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Global events can either act as headwinds that make things harder or tailwinds that open up new opportunities in the globalised world, where success and failure are not always limited by national boundaries. Similar turbulent geopolitical and economic conditions that are affecting the rest of the world will soon affect India. Policies that aim to boost the nation’s growth rate must take these factors into account.


GS Paper-3: Indian Economy and issues relating to planning, mobilization, of resources, growth, development and employment

Mains question

India is positioned to face geopolitical and economic difficulties akin to those experienced by other countries. What steps can India take to turn these obstacles into opportunities? Discuss (250 words).

The Human Urge:

  • Probably one of the most intriguing traits of our species is the human urge to be able to predict everything.
  • The inherent certainty of change, which has the potential to alter our plans and the results we expect, poses a challenge to this inclination.
  • This phenomenon was exemplified by the most recent covid pandemic. We saw the unpredictable nature of some events and the immeasurable scope of their effects as the world came to a standstill.
  • The pandemic did however also teach us the value of being watchful and conscious of the underlying currents that influence the world we live in.
    • Although change and unpredictability are still a given, it is imperative for Indian citizens to understand the key trends guiding the modern world.

What Has Modified?

  • The World Bank estimates that by 2020, trade will account for 52% of global GDP, up from about 25% in 1970.
    • In addition to the expanding interdependence and interlinkages among regions, a prominent trend is the development of Asia and developing economies.
  • Due to the expansion and spread of global value chains (GVCs), Asia is predicted to produce $22 trillion in new wealth between 2020 and 2025.
    • Since the opening of the Suez Canal, the development of the shipping container, and Asia’s emergence as an industrial powerhouse, supply chains have undergone a significant transformation. GVCs account for about 50% of current global trade.
  • Another phenomenon that has affected and will continue to affect not only the global economy but also our entire society is climate change.
  • The warmest decade was from 2011 to 2020.
  • The impact of digitalization has been felt across all facets of society, in addition to the shifting dynamics of the global macro economy and the effects of climate change, as the world faces the possibility of catastrophic weather events, food scarcity, poverty, and displacement.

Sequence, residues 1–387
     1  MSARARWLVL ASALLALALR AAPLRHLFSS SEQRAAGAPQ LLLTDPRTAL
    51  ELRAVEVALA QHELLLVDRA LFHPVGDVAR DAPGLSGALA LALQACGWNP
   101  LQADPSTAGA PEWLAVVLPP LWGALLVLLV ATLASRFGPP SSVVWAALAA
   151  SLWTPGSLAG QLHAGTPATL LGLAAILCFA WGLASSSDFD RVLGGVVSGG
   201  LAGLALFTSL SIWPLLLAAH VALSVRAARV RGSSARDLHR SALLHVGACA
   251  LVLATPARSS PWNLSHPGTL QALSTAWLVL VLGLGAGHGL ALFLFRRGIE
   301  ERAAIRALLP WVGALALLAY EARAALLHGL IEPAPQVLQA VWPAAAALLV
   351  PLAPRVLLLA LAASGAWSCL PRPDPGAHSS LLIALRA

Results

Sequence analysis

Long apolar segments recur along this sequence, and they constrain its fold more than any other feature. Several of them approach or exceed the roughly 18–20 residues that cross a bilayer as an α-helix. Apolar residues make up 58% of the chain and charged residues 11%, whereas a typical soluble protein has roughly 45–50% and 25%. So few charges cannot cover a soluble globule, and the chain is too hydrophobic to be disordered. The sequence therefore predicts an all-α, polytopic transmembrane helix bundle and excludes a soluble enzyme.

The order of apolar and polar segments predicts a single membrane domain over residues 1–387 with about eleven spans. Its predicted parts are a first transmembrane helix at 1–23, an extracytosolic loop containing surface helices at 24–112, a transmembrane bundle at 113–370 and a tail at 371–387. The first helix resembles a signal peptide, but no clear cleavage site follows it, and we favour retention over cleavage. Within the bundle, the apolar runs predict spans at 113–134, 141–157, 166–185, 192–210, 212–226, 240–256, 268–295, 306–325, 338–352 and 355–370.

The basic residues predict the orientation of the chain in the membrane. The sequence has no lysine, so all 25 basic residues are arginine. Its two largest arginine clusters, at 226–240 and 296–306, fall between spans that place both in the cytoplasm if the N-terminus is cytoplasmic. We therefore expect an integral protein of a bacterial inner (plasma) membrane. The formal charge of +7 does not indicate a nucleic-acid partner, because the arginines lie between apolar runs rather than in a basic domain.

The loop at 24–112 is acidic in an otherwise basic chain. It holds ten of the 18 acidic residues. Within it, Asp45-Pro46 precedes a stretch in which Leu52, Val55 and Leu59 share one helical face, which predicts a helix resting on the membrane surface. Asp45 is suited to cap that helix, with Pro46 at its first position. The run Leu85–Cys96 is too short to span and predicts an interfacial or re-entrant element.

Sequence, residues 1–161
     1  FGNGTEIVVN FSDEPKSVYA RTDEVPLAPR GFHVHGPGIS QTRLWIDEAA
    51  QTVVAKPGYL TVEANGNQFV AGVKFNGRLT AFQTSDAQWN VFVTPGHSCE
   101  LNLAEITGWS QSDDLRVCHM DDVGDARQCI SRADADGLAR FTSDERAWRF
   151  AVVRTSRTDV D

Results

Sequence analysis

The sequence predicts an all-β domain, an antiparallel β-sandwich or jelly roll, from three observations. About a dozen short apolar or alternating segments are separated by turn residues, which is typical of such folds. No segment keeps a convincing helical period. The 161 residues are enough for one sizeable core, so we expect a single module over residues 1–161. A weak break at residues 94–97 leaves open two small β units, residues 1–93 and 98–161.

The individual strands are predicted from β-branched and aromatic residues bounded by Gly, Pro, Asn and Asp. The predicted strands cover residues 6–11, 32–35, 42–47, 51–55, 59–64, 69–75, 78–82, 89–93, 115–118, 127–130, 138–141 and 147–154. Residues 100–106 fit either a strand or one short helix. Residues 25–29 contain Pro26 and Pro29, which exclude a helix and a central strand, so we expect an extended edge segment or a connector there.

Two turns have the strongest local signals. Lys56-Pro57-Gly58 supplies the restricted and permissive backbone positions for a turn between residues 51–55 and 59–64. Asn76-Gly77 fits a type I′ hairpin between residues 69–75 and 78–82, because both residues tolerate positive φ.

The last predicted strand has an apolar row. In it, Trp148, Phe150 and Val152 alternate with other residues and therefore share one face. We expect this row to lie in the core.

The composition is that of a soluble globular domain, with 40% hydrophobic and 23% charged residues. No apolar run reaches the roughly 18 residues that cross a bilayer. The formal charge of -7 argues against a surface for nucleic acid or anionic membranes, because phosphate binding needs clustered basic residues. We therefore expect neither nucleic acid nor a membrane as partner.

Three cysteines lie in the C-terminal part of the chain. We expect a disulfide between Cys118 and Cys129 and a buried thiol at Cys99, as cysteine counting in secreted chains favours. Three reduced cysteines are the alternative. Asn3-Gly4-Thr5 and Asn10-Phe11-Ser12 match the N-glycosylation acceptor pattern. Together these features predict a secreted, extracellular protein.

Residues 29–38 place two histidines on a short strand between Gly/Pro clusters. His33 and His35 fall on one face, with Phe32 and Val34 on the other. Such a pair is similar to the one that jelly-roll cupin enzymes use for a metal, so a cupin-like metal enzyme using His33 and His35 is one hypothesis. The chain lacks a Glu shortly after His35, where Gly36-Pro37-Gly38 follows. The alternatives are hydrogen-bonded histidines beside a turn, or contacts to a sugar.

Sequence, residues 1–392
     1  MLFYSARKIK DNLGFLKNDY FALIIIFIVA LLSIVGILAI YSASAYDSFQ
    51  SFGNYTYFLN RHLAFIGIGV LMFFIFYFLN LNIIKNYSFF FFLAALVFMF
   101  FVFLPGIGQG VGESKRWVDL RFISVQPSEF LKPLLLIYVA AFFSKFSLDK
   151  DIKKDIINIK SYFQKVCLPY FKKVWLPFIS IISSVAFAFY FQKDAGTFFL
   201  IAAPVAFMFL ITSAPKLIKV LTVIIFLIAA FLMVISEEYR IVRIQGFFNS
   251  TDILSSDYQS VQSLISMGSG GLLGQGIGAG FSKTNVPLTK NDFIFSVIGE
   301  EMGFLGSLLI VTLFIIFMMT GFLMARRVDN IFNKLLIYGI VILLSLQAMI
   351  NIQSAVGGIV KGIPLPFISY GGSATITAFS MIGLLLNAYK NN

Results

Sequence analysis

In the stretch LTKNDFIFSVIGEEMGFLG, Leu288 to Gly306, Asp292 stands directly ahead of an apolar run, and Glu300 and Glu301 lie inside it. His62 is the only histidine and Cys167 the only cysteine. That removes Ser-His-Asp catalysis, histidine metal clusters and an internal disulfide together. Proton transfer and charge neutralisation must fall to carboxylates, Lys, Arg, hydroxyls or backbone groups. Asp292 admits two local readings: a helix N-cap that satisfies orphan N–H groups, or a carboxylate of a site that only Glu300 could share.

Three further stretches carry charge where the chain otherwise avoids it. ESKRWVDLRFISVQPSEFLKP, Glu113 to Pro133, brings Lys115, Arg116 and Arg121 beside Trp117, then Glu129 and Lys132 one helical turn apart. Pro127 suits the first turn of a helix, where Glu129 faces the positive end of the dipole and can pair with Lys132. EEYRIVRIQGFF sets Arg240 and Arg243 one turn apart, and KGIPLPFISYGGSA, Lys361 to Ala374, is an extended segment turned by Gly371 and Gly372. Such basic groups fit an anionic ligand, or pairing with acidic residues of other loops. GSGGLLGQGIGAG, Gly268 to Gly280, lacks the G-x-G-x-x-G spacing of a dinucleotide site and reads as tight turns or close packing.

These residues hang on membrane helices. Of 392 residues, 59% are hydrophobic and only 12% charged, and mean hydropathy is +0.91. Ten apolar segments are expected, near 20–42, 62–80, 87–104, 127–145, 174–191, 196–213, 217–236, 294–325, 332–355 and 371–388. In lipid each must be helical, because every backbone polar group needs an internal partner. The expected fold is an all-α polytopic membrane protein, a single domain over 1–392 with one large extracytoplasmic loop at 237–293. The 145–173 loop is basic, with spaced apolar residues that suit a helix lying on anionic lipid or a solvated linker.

• After the pandemic, this gained momentum.

What Steps Should India Take?

  • In light of the situation, it is crucial for India to pinpoint its most promising opportunities.
  • One such route is a strategic alignment with global value chains (GVCs). India can boost production by exchanging information with them, investing in them, and utilising global best practises. It can also increase exports by utilising underutilised resources at the subnational level by enabling local businesses to participate in GVCs profitably.
  • Investing in resilient and sustainable infrastructure will benefit India. In low- and middle-income countries, investing in more resilient infrastructure could result in an average net benefit of $4.2 trillion, or $4 for every $1 invested, according to a World Bank study.
  • India has the chance to lessen its carbon footprint, reach net-zero goals, and decouple emissions from economic growth by embracing renewable energy sources and incorporating climate change considerations into building design.
  • The nation has quickly advanced to extraordinary levels of digitalization, despite the fact that there is still much to be done to improve the quality of our technical infrastructure.
  • The nation has the chance to constantly advance its digital endeavours and serve as a role model for developing nations looking to improve their own digital infrastructure.


  • Planning for growth is a difficult task for any country in a world with unpredictable trends.
  • India will face several challenges similar to those affecting other countries, including rising debt levels, inflation, food and energy crises, and geopolitical conflicts.
  • The covid pandemic has taught us the value of resilience, which has become a popular buzzword. Deliberate action across all socioeconomic domains is required to overcome these obstacles. Most importantly, a mindset change that accepts the inevitable nature of change is required

December 2023